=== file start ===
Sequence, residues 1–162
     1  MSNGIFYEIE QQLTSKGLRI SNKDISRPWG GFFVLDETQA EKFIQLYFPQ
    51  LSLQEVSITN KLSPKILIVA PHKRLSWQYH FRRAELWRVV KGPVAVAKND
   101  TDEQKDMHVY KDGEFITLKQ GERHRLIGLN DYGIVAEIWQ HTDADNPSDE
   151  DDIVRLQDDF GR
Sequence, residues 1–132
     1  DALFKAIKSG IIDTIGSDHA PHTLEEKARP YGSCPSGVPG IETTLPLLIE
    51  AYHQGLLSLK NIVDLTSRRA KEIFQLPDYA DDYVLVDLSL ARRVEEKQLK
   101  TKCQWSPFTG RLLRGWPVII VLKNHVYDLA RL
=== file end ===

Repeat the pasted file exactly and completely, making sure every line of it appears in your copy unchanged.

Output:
Sequence, residues 1–162
     1  MSNGIFYEIE QQLTSKGLRI SNKDISRPWG GFFVLDETQA EKFIQLYFPQ
    51  LSLQEVSITN KLSPKILIVA PHKRLSWQYH FRRAELWRVV KGPVAVAKND
   101  TDEQKDMHVY KDGEFITLKQ GERHRLIGLN DYGIVAEIWQ HTDADNPSDE
   151  DDIVRLQDDF GR
Sequence, residues 1–132
     1  DALFKAIKSG IIDTIGSDHA PHTLEEKARP YGSCPSGVPG IETTLPLLIE
    51  AYHQGLLSLK NIVDLTSRRA KEIFQLPDYA DDYVLVDLSL ARRVEEKQLK
   101  TKCQWSPFTG RLLRGWPVII VLKNHVYDLA RL